The new term of the new school year has started at Royal Pride Academy, as it has across Uganda. And, as across Uganda, it has taken a little time to get going, as parents try to scrape together the money for school fees. The expression Universal Primary Education has a rather hollow ring to it. As those of you already acquainted with Royal Pride know, the government schools in Kampala charge ‘top-up’ fees, and are bursting at the seams as they only represent 18% of Kampala’s school provision. Children in Mutungo can’t get in and/or can’t afford the fees.
|Back at Royal Pride, wearing her smart new uniform.|
Well, thanks to people in HMI, friends and family, two young pupils can now attend Royal Pride, for you have paid one term’s school fees for them both. One pupil in P2 was found abandoned by the side of a road by an old lady, who has been doing the best for him in the way that desperately poor people care for those even poorer, but she cannot afford school fees. The school has provided him with a second-, third- or fourth-hand uniform and, as with all the poorer pupils, provides his jotters, toilet paper and pencils out of what they have managed to put together. And, of course, his fees contribute to teachers’ salaries, when they get them, and other resources such as the yearly examination papers which all Ugandan children sit, chalk and a few minimal resources. The second pupil, who is in P5, is from a single parent family, and receives similar support from the school.
|One of the pupils you are supporting is in this group.|
|And one is in this group.|
Work has also started on the improvements about which I let you know earlier on. The playground has been covered with twenty four loads of ‘murram’, a natural material dug out of the ground which is halfway between earth and gravel. Most Ugandan roads are made of it. This layer, together with improved drainage, will prevent the pools of stagnant water gathering in the rainy season, which used turn the playground into mud and which seeped into the ramshackle wooden building in which the older pupils are taught.
|The new playground is good enough to skip on...|
|...and clamber over|
We have purchased guttering for the newer brick building, which was attached at the weekend. Once the dry season is over, probably in March, the guttering will prevent water running off the roof during Uganda’s frequent and heavy rain and filling up the playground. Instead, the rain will be led off into a large water butt. I handed over the last of the money today for Godfrey, the headteacher, to buy this tank and we hope to have it in place by the end of the week. The water can be used for children to wash their hands after using the latrine, as the school does not have a water supply. Harvesting rainwater in this way is standard practice in Ugandan schools. Unfortunately I won’t have a picture of the guttering and water butt for some time as Stuart and I are being cautious about travelling too far within Kampala just now because of the election, and will be well and truly tied to home once we reach the end of this week.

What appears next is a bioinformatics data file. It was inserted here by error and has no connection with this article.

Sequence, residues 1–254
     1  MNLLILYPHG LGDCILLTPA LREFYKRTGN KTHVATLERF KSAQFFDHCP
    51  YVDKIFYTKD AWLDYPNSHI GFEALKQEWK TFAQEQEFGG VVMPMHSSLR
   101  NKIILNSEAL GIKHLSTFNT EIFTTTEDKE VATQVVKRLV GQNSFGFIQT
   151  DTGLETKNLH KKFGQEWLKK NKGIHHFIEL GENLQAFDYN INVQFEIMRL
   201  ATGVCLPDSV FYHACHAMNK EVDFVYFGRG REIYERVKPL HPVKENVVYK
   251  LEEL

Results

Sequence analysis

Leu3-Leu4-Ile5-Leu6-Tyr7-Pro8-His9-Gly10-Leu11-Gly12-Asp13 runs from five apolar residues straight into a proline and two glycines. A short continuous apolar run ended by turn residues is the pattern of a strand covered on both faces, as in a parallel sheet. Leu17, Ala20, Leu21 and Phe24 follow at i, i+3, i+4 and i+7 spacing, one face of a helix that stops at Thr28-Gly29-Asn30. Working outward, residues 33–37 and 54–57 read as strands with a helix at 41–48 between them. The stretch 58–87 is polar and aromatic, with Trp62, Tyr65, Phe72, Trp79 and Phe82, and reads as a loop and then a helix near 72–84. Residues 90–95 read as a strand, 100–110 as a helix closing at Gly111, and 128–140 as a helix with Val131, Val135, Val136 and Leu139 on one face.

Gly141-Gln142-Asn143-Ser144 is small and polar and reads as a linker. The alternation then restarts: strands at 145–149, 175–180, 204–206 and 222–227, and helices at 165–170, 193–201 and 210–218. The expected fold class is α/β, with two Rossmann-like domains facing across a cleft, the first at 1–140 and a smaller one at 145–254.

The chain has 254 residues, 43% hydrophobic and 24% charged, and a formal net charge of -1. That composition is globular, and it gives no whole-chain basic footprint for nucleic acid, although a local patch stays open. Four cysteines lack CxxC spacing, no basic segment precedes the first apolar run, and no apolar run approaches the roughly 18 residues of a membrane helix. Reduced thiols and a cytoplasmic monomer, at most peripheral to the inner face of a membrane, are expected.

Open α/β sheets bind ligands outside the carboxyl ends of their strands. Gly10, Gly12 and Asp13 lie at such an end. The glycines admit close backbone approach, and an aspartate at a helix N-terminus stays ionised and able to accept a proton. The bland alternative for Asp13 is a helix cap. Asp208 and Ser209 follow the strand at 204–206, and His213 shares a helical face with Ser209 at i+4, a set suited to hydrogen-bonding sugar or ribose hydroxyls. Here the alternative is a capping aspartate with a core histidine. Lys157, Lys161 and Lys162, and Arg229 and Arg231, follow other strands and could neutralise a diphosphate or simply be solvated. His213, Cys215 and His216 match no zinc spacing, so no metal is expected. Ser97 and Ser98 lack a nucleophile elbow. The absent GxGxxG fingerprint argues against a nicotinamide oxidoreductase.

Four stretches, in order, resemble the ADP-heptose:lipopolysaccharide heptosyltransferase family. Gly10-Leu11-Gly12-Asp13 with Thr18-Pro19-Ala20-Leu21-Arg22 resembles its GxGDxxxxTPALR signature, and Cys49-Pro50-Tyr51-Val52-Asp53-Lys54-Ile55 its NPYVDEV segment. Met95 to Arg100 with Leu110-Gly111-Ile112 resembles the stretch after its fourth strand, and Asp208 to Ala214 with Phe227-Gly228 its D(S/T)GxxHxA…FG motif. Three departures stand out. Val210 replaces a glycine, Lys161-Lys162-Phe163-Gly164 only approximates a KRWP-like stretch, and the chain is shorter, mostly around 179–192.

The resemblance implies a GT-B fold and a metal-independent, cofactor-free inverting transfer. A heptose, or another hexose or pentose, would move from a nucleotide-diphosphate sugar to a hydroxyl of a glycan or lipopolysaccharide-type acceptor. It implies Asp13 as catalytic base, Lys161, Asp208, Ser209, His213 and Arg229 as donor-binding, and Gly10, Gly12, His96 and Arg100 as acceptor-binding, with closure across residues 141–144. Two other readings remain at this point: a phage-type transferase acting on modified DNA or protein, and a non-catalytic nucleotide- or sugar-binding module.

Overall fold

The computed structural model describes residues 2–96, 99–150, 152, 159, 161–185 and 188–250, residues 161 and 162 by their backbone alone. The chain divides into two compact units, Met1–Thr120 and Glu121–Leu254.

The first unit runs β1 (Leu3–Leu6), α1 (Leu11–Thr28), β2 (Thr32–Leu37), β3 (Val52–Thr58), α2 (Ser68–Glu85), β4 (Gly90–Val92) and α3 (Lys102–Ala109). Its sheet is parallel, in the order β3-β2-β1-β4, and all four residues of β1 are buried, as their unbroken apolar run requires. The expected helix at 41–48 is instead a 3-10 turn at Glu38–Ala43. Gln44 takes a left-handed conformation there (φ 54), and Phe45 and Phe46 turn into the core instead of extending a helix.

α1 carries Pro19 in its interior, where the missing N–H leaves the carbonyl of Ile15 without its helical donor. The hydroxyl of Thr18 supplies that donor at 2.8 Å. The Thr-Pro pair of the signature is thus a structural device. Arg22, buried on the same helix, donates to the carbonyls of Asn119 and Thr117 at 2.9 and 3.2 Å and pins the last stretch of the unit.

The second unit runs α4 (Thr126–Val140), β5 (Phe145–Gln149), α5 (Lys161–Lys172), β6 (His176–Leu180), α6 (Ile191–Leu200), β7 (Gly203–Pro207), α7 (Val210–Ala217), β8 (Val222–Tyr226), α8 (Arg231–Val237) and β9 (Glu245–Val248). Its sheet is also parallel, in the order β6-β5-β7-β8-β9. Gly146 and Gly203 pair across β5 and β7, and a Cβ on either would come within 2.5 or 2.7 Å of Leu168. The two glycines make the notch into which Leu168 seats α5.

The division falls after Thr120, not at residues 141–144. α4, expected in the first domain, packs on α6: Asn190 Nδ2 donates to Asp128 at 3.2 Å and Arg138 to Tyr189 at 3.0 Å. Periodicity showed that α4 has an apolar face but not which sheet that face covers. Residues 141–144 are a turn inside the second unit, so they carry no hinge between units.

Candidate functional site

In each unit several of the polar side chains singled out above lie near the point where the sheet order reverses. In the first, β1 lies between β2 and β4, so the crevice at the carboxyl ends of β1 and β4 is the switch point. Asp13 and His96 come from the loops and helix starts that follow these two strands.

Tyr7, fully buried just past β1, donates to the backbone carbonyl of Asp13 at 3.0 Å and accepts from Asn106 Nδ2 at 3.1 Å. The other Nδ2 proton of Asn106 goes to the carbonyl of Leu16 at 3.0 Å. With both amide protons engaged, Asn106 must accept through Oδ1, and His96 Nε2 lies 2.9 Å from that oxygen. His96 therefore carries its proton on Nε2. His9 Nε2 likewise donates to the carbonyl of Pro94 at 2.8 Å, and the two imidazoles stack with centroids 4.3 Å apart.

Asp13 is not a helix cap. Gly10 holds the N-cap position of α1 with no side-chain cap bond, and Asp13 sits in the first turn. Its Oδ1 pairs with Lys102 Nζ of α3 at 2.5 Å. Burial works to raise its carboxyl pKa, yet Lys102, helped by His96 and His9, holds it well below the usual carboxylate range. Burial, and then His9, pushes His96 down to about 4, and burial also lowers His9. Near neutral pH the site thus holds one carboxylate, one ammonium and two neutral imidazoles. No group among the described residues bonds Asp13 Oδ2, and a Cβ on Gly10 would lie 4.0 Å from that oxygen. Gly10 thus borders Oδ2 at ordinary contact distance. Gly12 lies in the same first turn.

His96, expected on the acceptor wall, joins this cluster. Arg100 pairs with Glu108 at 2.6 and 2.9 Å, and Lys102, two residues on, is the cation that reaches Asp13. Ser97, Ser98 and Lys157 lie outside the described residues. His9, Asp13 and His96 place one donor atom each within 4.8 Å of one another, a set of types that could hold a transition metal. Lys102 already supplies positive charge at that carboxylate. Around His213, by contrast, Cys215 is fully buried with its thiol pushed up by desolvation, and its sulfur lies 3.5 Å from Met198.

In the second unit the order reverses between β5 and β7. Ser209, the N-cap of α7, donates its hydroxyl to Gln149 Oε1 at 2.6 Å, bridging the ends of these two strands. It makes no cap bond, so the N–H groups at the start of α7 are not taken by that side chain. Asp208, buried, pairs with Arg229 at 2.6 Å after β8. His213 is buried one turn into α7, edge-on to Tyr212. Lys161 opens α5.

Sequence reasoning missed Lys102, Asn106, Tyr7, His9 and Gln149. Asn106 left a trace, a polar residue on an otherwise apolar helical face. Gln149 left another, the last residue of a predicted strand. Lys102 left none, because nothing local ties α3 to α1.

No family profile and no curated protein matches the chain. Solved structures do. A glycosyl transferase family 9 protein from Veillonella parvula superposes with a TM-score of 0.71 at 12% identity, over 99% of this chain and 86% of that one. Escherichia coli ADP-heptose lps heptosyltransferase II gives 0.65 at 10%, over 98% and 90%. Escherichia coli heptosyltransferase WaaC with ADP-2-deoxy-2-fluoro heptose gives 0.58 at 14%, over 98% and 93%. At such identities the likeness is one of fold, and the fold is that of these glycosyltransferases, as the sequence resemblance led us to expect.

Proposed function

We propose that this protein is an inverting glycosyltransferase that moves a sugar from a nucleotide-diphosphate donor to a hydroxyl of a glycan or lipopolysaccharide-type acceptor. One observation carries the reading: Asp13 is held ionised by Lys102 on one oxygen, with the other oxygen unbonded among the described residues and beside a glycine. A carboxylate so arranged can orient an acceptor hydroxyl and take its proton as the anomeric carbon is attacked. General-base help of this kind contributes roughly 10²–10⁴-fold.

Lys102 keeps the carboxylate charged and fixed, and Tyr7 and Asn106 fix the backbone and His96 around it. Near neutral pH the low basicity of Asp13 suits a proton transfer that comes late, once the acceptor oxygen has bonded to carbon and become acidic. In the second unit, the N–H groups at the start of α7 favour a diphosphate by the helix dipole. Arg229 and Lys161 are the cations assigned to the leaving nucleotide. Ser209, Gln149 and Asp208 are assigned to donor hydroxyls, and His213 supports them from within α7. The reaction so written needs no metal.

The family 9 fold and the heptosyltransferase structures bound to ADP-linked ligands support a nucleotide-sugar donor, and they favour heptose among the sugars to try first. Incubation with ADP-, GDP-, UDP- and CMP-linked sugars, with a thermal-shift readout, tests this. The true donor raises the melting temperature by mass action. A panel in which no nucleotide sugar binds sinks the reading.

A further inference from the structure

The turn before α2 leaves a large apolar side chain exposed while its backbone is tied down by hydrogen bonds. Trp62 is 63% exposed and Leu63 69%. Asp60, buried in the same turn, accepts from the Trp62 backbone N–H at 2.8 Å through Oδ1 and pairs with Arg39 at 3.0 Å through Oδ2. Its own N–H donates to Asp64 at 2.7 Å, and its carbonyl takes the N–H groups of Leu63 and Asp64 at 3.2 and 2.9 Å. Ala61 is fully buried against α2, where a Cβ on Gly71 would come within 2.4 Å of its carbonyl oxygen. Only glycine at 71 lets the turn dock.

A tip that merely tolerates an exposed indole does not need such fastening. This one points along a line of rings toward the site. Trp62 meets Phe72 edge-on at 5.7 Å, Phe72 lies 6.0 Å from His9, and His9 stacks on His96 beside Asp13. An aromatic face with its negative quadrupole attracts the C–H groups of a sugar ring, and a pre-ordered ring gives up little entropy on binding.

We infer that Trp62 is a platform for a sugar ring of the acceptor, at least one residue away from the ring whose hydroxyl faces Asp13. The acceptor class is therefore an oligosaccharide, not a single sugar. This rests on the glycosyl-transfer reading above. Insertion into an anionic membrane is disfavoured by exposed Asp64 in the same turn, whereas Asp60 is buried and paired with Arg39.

|Harvesting rainwater at a rural school we visited.|
Other developments at Royal Pride include the school’s gradual progress towards NGO status. Stuart and I have been meeting the lawyer along with the headteacher, getting the necessary signatures from people in the local council. We have now reached the stage of registering with the Ministry of Internal Affairs. This may take some time.
It will take time, also to complete the building improvements. If you could help us build another pit latrine and, perhaps, make a start on the concrete base for the second building it would be wonderful! As before, contributions to Jane or David, or direct to me (email first so I can let you have the necessary details).
|A bag of cement will fix this hole in the old building for now.|
So, lots of environmental improvements already achieved. In addition, we have been able to augment the learning resources with your help, focusing to begin with at the early stages with materials for literacy and number work, and donated picture and story books for youngsters to enjoy. Because there are so few resources in Ugandan schools, those that exist tend to be limited to text books, so children have few opportunities for exploring books and for active learning and enjoyment.
Learning for enjoyment in Mutungo…….whatever next?!
|Proudly displaying her latest picture.|